bluShift Aerospace CEO Sascha Deri and his team take apart the Stardust 1.0 rocket to analyze the status of three payloads following a successful launch at the Loring Commerce Centre. Credit: Chris Bouchard / Aroostook Republican & News

BRUNSWICK, Maine — bluShift Aerospace, which made world history in late January with the first commercial launch of a rocket powered by a bio-derived fuel, is already working on the next generation that could go higher and faster.

The Brunswick-based aerospace company is in the early stages of developing the Stardust 2.0, which will improve on the history-making Stardust 1.0’s design. The Stardust 1.0 is 20 feet tall, 14 inches in diameter, weighs about 650 pounds and cost approximately $1 million to build. The exact dimensions and cost of the next generation of rocket have not been determined yet.

After a series of weather and cloud-cover delays, the Stardust 1.0 launched on Jan. 31 at the Loring Commerce Centre in Limestone, the former Loring Air Force Base, with three payloads. The small team of about eight scientists was able to prove that their proprietary fuel was effective, and that the state is a viable spot for launches of this caliber. Now the team will use what they learned to build a bigger and faster rocket that can reach higher altitudes.

They will need to consult with the Federal Aviation Administration on whether their plans for the next rocket will fall under the same classification as the Stardust 1.0, bluShift communications director Seth Lockman said. If not, he said they may need to rework the design.

“We may wind up underpowering it a little and not pushing the technology to the limit, but on the other hand, we might be able to get there a little bit faster,” he said.

And while the finer details are up in the air, the new rocket will fly with a full-scale engine and reach greater speeds and heights.

“We’d like to fly it up to the Karman line, but it depends on how the rocket is classified — that will really determine the upper limit of the rocket’s performance. We need to find the balance between taking the most aggressive step forward while also moving as quickly as we can,” he said.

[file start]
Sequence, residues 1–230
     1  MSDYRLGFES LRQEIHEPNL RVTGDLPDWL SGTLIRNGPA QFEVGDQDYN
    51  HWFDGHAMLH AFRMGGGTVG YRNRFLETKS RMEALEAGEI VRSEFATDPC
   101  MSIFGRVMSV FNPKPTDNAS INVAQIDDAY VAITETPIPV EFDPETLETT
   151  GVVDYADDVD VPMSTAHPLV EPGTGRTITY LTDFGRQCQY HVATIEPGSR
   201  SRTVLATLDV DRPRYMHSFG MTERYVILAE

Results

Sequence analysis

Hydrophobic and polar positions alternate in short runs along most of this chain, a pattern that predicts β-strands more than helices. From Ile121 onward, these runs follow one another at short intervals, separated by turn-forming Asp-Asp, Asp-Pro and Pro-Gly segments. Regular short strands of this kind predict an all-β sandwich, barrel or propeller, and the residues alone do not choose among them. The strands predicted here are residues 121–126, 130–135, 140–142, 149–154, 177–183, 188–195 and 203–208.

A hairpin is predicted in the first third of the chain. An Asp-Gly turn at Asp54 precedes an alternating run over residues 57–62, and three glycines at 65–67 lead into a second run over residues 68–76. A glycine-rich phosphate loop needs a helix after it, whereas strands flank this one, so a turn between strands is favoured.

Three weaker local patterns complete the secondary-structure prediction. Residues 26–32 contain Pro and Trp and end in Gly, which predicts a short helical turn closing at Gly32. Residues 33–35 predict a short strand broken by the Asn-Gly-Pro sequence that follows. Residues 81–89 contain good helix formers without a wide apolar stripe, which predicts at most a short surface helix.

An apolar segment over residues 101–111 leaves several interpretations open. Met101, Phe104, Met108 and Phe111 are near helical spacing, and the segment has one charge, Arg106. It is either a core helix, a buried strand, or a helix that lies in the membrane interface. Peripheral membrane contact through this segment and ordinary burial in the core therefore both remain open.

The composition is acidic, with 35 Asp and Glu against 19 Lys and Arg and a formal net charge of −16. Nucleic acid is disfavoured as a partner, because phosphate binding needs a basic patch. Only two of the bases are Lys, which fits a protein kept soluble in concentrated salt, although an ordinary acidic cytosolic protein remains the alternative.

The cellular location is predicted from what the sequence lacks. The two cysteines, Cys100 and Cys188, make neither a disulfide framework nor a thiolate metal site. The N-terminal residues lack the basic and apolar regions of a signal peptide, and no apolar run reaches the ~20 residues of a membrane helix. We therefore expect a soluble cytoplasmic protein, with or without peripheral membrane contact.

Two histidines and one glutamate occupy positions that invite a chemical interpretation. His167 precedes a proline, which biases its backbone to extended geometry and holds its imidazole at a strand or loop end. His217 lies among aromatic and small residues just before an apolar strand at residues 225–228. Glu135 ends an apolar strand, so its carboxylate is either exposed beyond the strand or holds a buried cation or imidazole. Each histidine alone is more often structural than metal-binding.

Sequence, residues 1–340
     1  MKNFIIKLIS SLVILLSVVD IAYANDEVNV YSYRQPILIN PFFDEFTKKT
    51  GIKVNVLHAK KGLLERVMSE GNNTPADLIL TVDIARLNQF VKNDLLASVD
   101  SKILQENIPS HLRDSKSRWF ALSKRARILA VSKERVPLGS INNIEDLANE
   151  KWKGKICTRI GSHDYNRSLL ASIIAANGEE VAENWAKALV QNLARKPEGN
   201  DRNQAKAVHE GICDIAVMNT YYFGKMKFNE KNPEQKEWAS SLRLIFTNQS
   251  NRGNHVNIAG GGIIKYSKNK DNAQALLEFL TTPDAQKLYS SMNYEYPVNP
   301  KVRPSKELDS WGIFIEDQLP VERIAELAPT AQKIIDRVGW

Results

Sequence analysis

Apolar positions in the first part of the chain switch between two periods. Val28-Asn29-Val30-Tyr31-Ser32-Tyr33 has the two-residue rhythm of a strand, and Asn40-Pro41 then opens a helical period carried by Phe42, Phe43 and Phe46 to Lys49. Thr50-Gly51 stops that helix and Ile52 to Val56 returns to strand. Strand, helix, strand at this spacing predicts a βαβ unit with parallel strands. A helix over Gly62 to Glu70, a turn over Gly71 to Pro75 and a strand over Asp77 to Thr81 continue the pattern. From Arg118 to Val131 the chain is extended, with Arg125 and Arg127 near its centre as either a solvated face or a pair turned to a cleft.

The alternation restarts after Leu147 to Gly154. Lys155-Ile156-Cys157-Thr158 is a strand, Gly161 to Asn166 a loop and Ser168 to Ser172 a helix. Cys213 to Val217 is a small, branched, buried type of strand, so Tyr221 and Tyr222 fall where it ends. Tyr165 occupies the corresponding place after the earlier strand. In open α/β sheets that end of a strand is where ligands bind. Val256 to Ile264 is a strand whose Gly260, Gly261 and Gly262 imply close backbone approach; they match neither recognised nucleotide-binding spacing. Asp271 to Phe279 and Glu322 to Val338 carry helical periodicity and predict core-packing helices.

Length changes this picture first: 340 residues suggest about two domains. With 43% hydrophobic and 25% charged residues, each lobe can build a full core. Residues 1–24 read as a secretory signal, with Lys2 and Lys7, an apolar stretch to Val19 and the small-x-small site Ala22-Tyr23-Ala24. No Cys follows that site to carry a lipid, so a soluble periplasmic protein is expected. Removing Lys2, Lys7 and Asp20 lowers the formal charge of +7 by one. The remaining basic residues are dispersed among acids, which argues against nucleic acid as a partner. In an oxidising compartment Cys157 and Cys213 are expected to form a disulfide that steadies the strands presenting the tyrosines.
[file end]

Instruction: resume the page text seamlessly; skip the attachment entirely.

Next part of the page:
The Karman line is the boundary between Earth’s atmosphere and space, roughly 62 miles, or 100 kilometers, high.

Lockman said the crew has designs for the 2.0, but depending on the rocket’s classification with the FAA, they may need to abruptly change their plans — something the team experienced with the Stardust 1.0.

While conducting customer surveys and analysis in the nanolaunch sector, bluShift learned that most people wanted smaller payloads. Originally the team had developed the Stardust 1.0 with a 50 kg payload capacity, but dropped it to 30 after hearing that customers didn’t even want to share payloads with 10 others.

“That’s what people wanted,” he said. “They wanted an Uber to space.”

After completing a formal review of the Stardust 1.0, bluShift decided not to relaunch it and instead move straight to creating a new iteration.

“It turned out that everything was nominal. The data was [as expected], and we’ve already had conversations about tightening the timing on the main chute, which deployed a few seconds early, but that wasn’t even really a problem. It would’ve been a nominal flight either way.”

He said there would be few benefits to redoing a mission where all results were within expected and acceptable limits.

The mission, in addition to making history, also raised awareness for the SpacePort Maine initiative, which is led by the nonprofit Maine Space Grant Consortium. The project’s goal is to boost the aerospace industry in Maine and utilize locations across the state including the former Loring Air Force Base and Brunswick Landing to help facilitate launches and bring entrepreneurs, researchers and students together to build space programs in the state.

Even though the company made world history and attracted the attention of massive news outlets like BBC and, it’s now completely focused on these next steps.

“I don’t think anybody is still riding the high from this,” he said. “We had a jubilant evening at the Bunker Inn. Everyone was still distanced and masked, but we pretty quickly got back into it. We had a design meeting this morning and people are focusing on what systems we can flesh out while we wait for feedback on what classification the rocket can be. My impression is that everyone really wants to get to work on the next one.”

And with a successful launch under their belt and plans to start on a new rocket, the team at bluShift is optimistic about what the future holds.

“I’m proud to be on the team,” Lockman said. “I’m proud of what they’ve accomplished, and I feel fortunate to be able to share the story of what we’re doing and what can be done here in Maine. I think the future of the company is bright, and I think we’re gonna make a couple more records. As Sascha [Deri, bluShift CEO] likes to say, ‘The future of space will be made here in Maine.’”

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